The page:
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By Zubeida Goolam, BrandTruth Integrated Content Practice

A video of rapper and presenter, Nomuzi Mabena, recently went viral after she was seemingly involved in a car accident while driving and recording herself on Instagram Live. 14 hours later, it was revealed that the accident was in fact a drunk-driving awareness campaign in partnership with Volkswagen’s #VWDriveDry initiative.

What was meant to trigger drivers into reconsidering their habits, quickly turned into defamatory attacks on Mabena and prompted the hashtag “#RoastNomuzi”. The campaign has been met with mixed reactions on social media, with the majority labelling the publicity stunt as “distasteful”. This then prompts a question around shock ads, or as marketers say, “shockvertising”. How far is too far? Are shock ads effective in changing consumer behaviour or, is shocking people simply off-putting?

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In the digital era, we are constantly flooded with marketing messages, as brands fight over a piece of the pie. However, the campaigns that often do catch our eye are the ones that provoke controversy and deliberately violate our expectations. So, in a bid to raise eyebrows, brands use shock tactics to turn heads or call out irresponsible behaviour.

However people have become increasingly desensitised to ads that try to vilify them for their behaviour, there are limitations when it comes to implementing the shock factor. Rather than road safety ads showing a gruesome car crash, or anti-smoking campaigns plastered with grotesque images of lung cancer, marketers have adopted a different approach, highlighting the emotional consequences of bad habits on ourselves and our loved ones. This is what #VWDriveDry aimed to achieve with its campaign. The question is, did it work?

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A successful, controversial marketing campaign should anticipate the public’s reactions from all angles before it’s implemented. Take for example Nike’s 2018 #FairnessFirst campaign with Colin Kaepernick, Serena Williams, and Caster Semenya. These athletes all faced discrimination in their careers. Nike took some of sport’s most celebrated and contested players to showcase the power of the underdog. Although Nike was heading into dangerous territory, given the public outrage that someone like Kaepernick faced for his political stance against police brutality in the US, and given Nike’s own history regarding unethical labour practices, it generated talkability.  Talkability is certainly one of the most important elements of campaigns our agency, BrandTruth Integrated Content Practice, practice every day.

One thing is for sure, Volkswagen and its Drive Dry campaign could not have predicted that the narrative would shift from awareness around driving drunk, to a character and career assassination of Nomuzi Mabena. But this is a high-risk factor that comes with using shock tactics.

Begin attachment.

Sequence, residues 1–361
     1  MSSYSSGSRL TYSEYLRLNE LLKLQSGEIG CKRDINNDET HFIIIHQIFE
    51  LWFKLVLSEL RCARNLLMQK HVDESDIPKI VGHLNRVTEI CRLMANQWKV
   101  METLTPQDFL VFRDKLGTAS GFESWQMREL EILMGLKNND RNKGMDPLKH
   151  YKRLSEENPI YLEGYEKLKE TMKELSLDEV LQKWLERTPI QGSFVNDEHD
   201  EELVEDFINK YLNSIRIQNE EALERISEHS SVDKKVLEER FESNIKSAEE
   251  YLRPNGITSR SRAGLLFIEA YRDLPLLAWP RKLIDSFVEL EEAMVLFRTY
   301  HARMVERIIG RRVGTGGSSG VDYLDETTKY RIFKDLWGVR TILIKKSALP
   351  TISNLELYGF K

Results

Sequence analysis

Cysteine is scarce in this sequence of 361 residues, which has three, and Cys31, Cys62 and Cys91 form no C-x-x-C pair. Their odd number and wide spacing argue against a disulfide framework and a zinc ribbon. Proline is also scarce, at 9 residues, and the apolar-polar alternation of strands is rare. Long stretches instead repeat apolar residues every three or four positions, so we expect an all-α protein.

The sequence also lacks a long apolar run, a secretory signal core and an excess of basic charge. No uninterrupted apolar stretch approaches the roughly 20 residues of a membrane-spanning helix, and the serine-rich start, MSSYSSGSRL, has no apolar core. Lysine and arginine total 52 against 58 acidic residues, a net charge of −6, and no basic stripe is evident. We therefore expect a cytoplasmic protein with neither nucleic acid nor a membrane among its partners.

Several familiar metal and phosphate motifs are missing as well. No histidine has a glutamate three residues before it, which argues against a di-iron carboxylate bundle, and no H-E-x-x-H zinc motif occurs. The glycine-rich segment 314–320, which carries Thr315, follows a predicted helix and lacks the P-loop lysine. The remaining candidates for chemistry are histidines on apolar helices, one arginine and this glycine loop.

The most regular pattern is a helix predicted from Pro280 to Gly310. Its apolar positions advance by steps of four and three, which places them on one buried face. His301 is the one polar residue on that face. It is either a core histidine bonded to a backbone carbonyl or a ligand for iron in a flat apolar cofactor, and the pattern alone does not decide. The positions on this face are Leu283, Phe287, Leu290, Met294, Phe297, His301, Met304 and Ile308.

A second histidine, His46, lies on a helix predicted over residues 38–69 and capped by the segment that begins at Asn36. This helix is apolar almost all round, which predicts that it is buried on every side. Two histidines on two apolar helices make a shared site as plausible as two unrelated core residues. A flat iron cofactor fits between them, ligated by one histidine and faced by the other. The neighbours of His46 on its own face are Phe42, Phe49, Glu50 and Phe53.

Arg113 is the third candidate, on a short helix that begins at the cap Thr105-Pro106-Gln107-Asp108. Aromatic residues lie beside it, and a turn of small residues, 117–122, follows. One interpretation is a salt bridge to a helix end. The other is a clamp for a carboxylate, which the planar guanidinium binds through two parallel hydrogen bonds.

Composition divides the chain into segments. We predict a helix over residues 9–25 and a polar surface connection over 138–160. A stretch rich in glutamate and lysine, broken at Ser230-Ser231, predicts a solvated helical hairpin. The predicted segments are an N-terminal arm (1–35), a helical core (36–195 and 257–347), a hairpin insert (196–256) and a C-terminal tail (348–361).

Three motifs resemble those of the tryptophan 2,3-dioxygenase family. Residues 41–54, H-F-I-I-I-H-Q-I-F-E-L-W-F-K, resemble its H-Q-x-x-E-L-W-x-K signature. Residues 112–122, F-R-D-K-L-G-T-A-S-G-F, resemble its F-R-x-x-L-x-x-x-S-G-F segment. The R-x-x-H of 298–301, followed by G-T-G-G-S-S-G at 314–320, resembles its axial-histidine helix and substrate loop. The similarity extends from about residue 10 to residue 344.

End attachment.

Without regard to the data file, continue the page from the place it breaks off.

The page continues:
With the devastating road fatalities in South Africa – many caused by drunk drivers – one cannot deny the importance of such a campaign. However, the outcome became more about the tactics rather than the actual call to action: to stop irresponsible driving.

So why did Nomuzi Mabena and #VWDriveDry garner such public criticism? Firstly, consumers should never feel misled, regardless of how strong and necessary the messaging is. Taking 14 hours to notify the public that the video was, in fact, an awareness campaign, was perhaps too long. Its intentions should have been made clear. Although the use of “shockvertising” in this campaign did achieve traditional PR goals of AVE and social media hits, did it encourage people to reconsider their driving habits? Only time will tell when annual road accident statistics are released. But the fact remains, brands cannot afford to underestimate the intelligence of its audience. This is where “commodity activism” comes in. Notable brands such as Nike, Gillette, Nando’s and Castle Lager, are popularly known for social commentary in their campaigns. The simple difference between these brands and the #VWDriveDry campaign, is that the latter’s intentions were not clear.

“Shockvertising” does indeed bring the issues that people don’t want to talk about directly into the public domain. However, how brands relay the message is important now more than ever, particularly when consumer behaviour merges with social responsibility. Individual consumers purchase brands that share similar interests and values. Not all activism can be commodified.